I was so glad you shared Shaela Manross’s story, which I had first seen on your blog. It seems that Christians don’t talk about mass shootings (maybe because it always ends up being a discussion about guns). But these tragedies have been among us for a long time — the shooting at Wedgwood Baptist Church was in 1998 — and there are a lot of survivors out there.

That came about through a relationship that God put into place when I was in college. She was a young girl at a church I was a youth minister at for the summer. We didn’t have contact until I moved back to Amarillo a few years ago. She was an ESL instructor, and I recognized her right away, and she recognized me right away.

She has the sweetest heart and is a godly woman, and she told me about her story and going through all that and how God ultimately brought her healing. She wants to be a missionary. She’s got a heart for Thailand. She shared with my kids’ school in chapel, and I just wanted her to be a part of the book because it’s so powerful the way she’s walking through even now other things that are really hard, but she’s not turning her back on God. She’s working through the questions and doubts. She’s not afraid to be honest with God. She’s real, but she’s hopeful because she knows that she doesn’t have to be hopeless with the Lord. I saw her walking it out daily, and that was powerful to me.

You’re right, [mass shootings] haven’t gone away. It hasn’t been talked about enough. It’s a hard issue because there’s all the questions about God’s sovereignty. You hear about it for a couple of days in the news, and then it goes away. What about all those people that were traumatized? That doesn’t go away.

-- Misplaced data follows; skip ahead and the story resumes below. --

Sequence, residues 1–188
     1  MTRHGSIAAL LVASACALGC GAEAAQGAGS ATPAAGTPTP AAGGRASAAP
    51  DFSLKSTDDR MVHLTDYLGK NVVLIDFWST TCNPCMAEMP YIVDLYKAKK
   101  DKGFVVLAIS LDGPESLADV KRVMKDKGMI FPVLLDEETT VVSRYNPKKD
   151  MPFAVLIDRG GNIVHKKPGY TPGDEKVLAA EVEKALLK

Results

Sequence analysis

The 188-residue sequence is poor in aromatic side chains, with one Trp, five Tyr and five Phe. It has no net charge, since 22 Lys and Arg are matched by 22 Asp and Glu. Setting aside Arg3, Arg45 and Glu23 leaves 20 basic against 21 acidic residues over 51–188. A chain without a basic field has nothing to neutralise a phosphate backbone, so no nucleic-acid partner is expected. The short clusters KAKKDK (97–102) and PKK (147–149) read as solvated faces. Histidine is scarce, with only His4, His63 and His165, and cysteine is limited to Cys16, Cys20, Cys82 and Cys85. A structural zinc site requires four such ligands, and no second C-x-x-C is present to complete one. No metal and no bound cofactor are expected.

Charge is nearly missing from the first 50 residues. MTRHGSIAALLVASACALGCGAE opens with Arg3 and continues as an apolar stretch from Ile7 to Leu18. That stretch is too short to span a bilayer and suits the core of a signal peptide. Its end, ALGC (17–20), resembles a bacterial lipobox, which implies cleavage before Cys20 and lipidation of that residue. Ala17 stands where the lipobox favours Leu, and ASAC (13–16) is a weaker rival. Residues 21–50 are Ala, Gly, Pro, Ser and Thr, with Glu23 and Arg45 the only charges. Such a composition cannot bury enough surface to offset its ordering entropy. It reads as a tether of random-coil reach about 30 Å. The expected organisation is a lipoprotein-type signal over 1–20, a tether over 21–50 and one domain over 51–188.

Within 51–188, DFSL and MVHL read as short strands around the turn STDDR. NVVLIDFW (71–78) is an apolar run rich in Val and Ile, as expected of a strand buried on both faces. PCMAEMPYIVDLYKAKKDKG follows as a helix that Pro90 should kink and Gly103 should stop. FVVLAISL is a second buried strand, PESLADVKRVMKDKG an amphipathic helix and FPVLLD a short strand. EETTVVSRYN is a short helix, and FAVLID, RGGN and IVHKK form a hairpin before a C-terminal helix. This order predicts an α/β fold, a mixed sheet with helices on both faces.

You have written devotionals for The High Calling, the Daily Reflections, on occasion, but am I correct that this is your first time to write a Bible study book?

It is. I probably wouldn’t have done this without Tina because she’s an incredibly gifted Bible student and has led Bible studies with women for years with good theology, good study habits, all those things you have to have. It was really eye-opening to me some of the things that she drew out. It was definitely the Holy Spirit giving her inspiration. She’s such a woman of prayer.

Now I might could do it on my own, but it was a neat transition. It showed me how you can do it in a fresh way. That’s what’s hard is we didn’t want to say the same thing everyone else had said.

Who are some women in the Bible that you left out?

We didn’t do anything with Mary Magdalene. She’s been written about a lot. We didn’t end up using Hannah. Those had been covered a lot in Christian literature and unless we had something brand new, we just didn’t feel they were as necessary. We actually saved back enough that we could do a second volume, which we’re praying about. I think we could do just a sequel with different issues.